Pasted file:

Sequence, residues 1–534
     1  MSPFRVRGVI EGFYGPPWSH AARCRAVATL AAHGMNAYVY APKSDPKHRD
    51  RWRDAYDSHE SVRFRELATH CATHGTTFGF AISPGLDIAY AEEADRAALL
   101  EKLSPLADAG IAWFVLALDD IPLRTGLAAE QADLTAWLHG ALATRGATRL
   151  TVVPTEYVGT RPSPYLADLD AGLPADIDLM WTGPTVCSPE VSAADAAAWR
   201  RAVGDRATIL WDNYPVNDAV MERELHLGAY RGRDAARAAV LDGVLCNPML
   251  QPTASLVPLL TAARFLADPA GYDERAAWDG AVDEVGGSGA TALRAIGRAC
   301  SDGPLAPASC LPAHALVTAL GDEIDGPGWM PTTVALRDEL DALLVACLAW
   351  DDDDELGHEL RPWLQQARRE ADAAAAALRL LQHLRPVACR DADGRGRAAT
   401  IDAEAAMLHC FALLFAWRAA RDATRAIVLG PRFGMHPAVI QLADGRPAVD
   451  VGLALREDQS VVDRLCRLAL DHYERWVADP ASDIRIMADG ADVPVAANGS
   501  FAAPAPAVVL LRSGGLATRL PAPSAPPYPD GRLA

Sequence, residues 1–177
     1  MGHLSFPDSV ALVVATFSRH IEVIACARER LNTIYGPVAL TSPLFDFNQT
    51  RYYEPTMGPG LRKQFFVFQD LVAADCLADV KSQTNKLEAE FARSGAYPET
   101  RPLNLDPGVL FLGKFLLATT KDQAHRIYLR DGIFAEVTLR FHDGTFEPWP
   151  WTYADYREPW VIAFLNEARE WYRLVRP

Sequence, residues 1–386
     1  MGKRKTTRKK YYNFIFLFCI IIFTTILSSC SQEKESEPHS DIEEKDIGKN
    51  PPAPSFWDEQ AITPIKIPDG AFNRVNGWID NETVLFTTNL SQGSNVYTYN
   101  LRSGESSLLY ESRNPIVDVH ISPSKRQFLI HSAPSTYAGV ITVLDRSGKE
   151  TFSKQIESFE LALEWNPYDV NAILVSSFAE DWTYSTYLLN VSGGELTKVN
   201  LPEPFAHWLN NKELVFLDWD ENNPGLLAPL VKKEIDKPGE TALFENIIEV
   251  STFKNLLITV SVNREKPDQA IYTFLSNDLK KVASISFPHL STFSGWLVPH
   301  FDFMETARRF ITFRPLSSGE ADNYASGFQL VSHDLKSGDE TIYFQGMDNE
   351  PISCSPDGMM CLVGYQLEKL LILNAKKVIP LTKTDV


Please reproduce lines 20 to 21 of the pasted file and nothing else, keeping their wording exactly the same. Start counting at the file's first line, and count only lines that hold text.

    51  PPAPSFWDEQ AITPIKIPDG AFNRVNGWID NETVLFTTNL SQGSNVYTYN
   101  LRSGESSLLY ESRNPIVDVH ISPSKRQFLI HSAPSTYAGV ITVLDRSGKE